Consumers waiting on the Verizon FiOS expansion coming to their city need to remain patient. This bundled communications service, featuring High Speed Internet, Home Phone, and Digital TV, continues to earn accolades for its overall high quality and fast Internet speeds, but Verizon’s lack of investment in FiOS has kept its subscriber base steady at around 5 million users. Future expansion hopes remain up in the air, arguably because of Big Red’s focus on its more profitable wireless business.
If you live in an area with Verizon FiOS, congratulations, as the service offers a robust collection of Digital TV channels, combined with competitive phone and Internet options. If FiOS hasn’t yet arrived in your location, waiting for a Google Fiber installation might be a better bet. Let’s take a closer look at why the Verizon FiOS rollout remains stalled.
Verizon Focused on Expanding Service in Existing FiOS Markets
Late last year, Verizon’s CEO, Lowell McAdam, essentially sounded a death-knell for Verizon FiOS expansion into new markets, commenting that the company would rather focus on expanding FiOS availability in metropolitan areas that already have the service. As mentioned earlier, the company’s wireless service is more profitable, and it doesn’t come with the capital investment required to install fiber optic cable.
Verizon also hopes to partner with local service providers instead of putting their own shovels in the ground, so to speak. “More and more things are going mobile and I think there are more opportunities to partner out of market with companies that are there vs. us going in and deploying FiOS, ” said McAdam. This puts Verizon at a distinct disadvantage compared to AT&T which can leverage its local franchise agreements to facilitate the rollout of its own communications packages, like U-verse.
Big Red is successfully adding FiOS customers in markets that already have the service; the state of Texas being one noticeable example. Verizon reached the 50 percent penetration point for FiOS in Texas, at the end of last year. This growth in subscribers was largely driven by the availability of High Speed Internet service with speeds up to 300 Mbps and 500 Mbps, which is frustrating for Verizon Internet users still without FiOS in the more “bandwidth-challenged” regions of the country.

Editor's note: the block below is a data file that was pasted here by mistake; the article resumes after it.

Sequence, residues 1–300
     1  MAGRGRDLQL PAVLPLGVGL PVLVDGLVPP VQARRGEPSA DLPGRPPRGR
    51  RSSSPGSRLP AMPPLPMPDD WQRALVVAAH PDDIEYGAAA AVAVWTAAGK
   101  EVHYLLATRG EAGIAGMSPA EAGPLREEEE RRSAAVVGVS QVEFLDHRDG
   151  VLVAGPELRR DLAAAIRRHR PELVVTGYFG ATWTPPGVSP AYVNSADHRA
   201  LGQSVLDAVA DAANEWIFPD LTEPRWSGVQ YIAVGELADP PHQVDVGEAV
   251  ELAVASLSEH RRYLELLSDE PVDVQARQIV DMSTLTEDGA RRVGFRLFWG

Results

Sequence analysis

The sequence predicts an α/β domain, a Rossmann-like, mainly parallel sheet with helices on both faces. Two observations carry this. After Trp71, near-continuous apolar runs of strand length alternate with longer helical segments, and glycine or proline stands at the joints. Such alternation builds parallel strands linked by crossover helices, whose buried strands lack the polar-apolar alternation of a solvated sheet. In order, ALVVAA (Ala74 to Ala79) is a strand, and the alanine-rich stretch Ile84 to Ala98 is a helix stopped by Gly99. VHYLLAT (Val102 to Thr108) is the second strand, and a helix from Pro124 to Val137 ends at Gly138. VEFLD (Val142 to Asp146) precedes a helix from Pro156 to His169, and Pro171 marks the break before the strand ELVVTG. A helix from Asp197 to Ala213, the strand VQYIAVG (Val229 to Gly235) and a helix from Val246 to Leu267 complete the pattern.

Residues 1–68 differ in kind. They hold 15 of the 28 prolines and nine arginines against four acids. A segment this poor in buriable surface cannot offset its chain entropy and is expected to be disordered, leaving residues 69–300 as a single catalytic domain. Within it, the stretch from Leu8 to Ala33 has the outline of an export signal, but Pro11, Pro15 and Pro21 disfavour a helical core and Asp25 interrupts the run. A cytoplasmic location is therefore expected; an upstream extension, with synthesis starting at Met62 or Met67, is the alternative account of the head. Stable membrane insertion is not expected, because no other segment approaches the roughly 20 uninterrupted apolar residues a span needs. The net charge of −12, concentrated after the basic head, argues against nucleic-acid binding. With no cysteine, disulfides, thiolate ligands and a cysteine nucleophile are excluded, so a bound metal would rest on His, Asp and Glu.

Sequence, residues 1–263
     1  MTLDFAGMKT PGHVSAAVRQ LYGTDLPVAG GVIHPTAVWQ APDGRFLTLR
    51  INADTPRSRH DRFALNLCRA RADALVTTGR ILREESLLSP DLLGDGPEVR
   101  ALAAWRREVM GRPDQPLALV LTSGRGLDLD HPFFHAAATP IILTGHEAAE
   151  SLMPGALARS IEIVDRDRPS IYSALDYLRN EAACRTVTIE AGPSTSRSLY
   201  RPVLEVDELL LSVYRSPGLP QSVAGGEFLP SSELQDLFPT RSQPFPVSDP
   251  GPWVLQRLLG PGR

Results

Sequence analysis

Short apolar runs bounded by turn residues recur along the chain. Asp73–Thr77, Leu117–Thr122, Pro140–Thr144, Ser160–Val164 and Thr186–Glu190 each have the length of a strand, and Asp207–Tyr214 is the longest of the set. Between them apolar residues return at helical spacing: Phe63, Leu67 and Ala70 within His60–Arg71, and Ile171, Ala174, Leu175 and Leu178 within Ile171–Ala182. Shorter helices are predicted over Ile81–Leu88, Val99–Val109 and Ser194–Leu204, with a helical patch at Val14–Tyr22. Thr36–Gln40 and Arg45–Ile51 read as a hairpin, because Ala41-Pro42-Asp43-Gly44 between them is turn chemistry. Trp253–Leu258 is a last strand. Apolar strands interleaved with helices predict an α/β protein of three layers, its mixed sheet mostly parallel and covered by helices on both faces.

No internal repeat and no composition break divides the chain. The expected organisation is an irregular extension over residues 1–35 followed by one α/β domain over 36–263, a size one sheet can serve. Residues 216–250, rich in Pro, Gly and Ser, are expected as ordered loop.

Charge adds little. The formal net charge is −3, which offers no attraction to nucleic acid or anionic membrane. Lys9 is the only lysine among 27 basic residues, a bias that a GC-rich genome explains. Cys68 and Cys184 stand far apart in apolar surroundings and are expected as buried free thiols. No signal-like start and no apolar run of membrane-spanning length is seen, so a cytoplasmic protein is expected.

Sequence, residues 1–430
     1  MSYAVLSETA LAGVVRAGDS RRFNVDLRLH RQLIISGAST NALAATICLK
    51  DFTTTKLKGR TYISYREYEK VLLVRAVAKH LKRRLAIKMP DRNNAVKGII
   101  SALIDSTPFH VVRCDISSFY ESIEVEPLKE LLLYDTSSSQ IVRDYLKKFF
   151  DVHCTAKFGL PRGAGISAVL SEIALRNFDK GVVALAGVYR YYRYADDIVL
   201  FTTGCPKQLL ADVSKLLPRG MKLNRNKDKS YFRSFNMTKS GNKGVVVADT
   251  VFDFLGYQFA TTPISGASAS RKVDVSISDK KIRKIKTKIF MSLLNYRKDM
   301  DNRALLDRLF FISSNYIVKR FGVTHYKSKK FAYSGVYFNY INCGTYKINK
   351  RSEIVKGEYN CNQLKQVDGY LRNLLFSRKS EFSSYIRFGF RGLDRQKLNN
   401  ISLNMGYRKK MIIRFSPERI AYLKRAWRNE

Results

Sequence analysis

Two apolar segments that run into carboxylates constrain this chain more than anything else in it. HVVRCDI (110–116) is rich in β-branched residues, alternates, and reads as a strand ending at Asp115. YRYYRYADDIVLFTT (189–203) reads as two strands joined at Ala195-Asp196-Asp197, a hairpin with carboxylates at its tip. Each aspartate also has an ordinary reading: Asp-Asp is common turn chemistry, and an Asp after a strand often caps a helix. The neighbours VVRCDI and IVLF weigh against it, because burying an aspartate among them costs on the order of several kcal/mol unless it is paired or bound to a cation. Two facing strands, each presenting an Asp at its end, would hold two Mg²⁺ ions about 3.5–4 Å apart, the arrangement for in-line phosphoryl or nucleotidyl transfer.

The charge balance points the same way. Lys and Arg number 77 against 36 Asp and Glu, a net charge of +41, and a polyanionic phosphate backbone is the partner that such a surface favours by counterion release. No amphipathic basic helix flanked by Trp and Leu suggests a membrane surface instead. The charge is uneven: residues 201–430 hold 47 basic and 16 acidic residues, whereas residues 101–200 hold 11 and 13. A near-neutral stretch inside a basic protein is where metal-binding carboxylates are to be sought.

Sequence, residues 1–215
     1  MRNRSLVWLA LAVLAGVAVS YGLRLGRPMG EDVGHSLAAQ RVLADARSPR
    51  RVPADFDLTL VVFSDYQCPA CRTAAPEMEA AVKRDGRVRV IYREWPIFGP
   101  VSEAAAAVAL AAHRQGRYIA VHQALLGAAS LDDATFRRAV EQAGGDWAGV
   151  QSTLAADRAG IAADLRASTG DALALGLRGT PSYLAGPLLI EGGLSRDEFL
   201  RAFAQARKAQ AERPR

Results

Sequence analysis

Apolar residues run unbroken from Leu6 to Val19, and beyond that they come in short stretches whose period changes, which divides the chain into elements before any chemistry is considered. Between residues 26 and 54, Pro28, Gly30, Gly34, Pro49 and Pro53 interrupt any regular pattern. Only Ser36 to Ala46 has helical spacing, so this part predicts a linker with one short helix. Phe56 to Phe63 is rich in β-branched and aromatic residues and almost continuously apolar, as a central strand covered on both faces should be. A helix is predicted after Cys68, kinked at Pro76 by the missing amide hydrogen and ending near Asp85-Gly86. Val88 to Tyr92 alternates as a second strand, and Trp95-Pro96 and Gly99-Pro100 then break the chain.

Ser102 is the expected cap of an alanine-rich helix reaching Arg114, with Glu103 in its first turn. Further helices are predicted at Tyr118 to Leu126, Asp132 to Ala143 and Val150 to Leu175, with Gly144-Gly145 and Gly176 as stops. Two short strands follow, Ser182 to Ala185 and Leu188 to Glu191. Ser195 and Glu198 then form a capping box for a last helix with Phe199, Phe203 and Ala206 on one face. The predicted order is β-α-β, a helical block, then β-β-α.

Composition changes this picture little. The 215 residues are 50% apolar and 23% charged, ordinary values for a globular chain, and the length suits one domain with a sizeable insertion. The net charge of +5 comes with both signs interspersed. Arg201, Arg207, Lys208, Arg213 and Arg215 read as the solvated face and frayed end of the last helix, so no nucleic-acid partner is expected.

Pairing Verizon FiOS with a Wireless Service May Be the Future?
McAdam seems to have a vision of Verizon customers leveraging Big Red’s services both at home in a “wired” fashion and on their mobile devices when on the go. At that point, does Verizon FiOS simply become a brand name instead of a discrete fiber-delivered communications service to the home? That might be a strong possibility, given Verizon’s apparent distaste for investing in new fiber-optic cable installations to open today’s FiOS to new markets.
Combining the house and mobile FiOS experience for consumers appears to be the way to go for McAdam. “That’s the next wave of penetration for both, ” he said. Once again, this may hint that FiOS would continue more as a brand instead of a discrete service.
Fiber Optic Cable Installation Remains Too Costly
The bottom line is that Verizon gets a quicker bang for the buck from its wireless service when compared to the return on investment for a new FiOS installation. That basic fact continues to keep further Verizon FiOS expansion on the backburner short of the company partnering with local providers who already have wires in the ground, as McAdam hinted at in December of 2013. Company CFO, Fran Shammo, earlier this year mentioned that once FiOS has paid off the initial investment, Verizon will look at expanding FiOS to new markets.
So if Verizon FiOS is already available in your area, but just not on your street, chances are good you can get the service sooner than later. If you are stuck in a location without any FiOS, you may be waiting a long time before Verizon feels it is profitable to expand fiber to new metropolitan areas. Stay tuned.